Another feature provided by Logback is Filters. You can declare one or more filters inside of an appender: each filter can determine if a log message (more precisely: a log event) should be passed on to the appender, or if it should be filtered out. Several useful implementations are provided out of the box, but it’s easy to define your own as well.

In our situation, we want to have a filter that we can configure to do one of two things: filter out all batch-related log messages, or filter out all non-batch-related logging. Then we can add that filter to two separate file appenders: one exclusively for all the batch logging, and one for all the other logging.

Here’s an initial implementation of our Logback Filter (imports are implied):

public class LogbackBatchFilter extends Filter&lt;ILoggingEvent&gt; {</p>
<p>  static final String MDC_KEY = "batch-job";</p>
<p>  private Mode mode = Mode.EXCLUDE_BATCH;</p>
<p>  public void setMode(Mode mode) {<br>
     this.mode = mode;<br>
<p>  @Override<br>
  public FilterReply decide(ILoggingEvent iLoggingEvent) {<br>
    boolean runningBatchJob = ...; // how to determine this?<br>
    if (mode == Mode.EXCLUDE_BATCH &amp;&amp; runningBatchJob ||<br>
        mode == Mode.BATCH_ONLY &amp;&amp; !runningBatchJob)<br>
      return FilterReply.DENY;<br>
    return FilterReply.NEUTRAL;<br>
<p>  enum Mode {<br>

This filter can be configured to run in two modes: by default it will filter out all batch messages, using an EXCLUDE_BATCH mode. However, when it’s running in BATCH_ONLY mode it does exactly the opposite and filters out all non-batch-related messages.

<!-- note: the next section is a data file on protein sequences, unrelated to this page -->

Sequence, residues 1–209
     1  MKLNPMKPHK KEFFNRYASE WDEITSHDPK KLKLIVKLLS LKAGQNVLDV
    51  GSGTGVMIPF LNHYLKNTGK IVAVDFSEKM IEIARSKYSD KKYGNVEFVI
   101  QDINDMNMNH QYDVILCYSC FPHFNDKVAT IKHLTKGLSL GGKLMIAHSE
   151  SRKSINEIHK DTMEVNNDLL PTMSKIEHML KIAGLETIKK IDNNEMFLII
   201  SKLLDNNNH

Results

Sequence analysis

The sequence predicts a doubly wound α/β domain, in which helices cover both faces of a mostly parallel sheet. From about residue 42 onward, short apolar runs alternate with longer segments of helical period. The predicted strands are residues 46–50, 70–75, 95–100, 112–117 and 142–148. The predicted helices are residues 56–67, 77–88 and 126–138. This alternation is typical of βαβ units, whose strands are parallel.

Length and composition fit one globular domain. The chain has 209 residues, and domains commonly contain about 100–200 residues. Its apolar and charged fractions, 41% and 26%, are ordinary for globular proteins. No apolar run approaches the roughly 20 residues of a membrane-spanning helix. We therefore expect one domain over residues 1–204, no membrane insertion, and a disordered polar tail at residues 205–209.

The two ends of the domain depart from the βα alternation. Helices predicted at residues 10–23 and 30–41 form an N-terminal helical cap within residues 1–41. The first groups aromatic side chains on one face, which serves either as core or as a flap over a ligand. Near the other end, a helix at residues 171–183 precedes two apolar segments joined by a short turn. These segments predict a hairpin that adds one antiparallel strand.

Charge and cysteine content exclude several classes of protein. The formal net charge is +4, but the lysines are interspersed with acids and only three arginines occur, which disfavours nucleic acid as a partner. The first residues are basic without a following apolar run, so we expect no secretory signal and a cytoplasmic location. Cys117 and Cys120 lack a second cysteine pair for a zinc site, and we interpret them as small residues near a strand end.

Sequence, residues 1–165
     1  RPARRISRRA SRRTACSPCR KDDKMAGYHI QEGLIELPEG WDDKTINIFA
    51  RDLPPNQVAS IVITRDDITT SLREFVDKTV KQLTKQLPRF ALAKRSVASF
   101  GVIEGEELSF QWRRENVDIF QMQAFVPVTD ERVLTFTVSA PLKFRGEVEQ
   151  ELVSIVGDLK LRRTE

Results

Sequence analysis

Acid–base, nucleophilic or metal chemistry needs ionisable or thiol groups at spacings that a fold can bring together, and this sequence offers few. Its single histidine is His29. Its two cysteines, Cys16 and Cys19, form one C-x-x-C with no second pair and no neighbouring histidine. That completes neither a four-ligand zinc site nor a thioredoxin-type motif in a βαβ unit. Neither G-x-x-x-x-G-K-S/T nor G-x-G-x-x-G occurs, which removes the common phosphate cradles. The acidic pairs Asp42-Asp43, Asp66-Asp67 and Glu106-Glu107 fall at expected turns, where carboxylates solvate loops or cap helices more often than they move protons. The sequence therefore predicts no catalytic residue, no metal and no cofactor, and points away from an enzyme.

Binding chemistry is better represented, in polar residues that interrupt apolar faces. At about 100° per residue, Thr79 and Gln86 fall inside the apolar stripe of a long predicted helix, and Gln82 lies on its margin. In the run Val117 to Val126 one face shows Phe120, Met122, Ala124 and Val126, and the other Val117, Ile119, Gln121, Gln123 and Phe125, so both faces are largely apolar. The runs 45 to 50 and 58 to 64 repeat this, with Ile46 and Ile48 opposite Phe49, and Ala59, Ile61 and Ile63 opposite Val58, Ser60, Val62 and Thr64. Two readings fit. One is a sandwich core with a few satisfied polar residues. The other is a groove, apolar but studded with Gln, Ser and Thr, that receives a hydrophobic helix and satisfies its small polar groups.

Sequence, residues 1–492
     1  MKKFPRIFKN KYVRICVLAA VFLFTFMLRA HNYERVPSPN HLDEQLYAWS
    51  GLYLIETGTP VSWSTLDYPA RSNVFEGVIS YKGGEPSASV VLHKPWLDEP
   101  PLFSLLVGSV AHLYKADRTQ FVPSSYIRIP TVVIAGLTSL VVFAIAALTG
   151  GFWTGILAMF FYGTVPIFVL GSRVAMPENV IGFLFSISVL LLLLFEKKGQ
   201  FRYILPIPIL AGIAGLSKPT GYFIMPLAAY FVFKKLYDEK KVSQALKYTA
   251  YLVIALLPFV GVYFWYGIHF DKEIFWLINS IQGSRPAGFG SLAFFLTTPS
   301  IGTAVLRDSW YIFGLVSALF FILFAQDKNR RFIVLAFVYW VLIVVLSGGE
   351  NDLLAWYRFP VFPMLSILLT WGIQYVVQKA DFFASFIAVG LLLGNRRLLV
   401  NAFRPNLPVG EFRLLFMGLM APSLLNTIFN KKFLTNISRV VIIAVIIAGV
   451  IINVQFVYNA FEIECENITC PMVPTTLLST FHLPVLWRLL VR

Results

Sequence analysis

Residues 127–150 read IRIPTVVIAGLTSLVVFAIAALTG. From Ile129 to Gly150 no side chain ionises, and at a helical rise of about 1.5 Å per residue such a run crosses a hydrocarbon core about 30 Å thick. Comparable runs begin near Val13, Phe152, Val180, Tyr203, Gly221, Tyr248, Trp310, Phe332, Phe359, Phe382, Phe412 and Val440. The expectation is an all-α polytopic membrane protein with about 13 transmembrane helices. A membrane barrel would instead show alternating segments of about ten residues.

The NEUTRAL reply means we’re not filtering out the given logging event in our filter, but there might still be another filter down the filter chain that decides to filter it out anyway: ACCEPT instead of NEUTRAL would mean that we’re short-circuiting such a filter chain if there are additional filters, which is not what we’re after here.

To use the filter, you simply add it within your appender config:

&lt;appender name="FILE" class="ch.qos.logback.core.rolling.RollingFileAppender"&gt;<br>
  &lt;filter class="nl.trifork.batch.LogbackBatchFilter"/&gt;<br>
<p>&lt;appender name="FILE-BATCH" class="ch.qos.logback.core.rolling.RollingFileAppender"&gt;<br>
  &lt;filter class="nl.trifork.batch.LogbackBatchFilter"&gt;<br>
<p>&lt;root level="info"&gt;<br>
  &lt;appender-ref ref="FILE" /&gt;<br>
  &lt;appender-ref ref="FILE-BATCH" /&gt;<br>

Easy, right?
There’s just one little unresolved detail: how do we determine the value of the runningBatchJob flag inside the decide method?

Revisiting the Mapped Diagnostic Context

SLF4J, the logging API implemented by Logback, defines the concept of a Mapped Diagnostic Context (MDC) which can hold String-based key-value pairs associated with the current thread, which can be included in your logging output. I’ve blogged about this before in the context of security, to ensure that every log message contains the current user name.

You can also access the MDC properties in a Logback Filter: they’re available directly from the ILoggingEvent that’s passed in. So, if we could set an MDC key whenever we’re running a batch job, then that could tell us whether we should be excluding log messages inside the filter.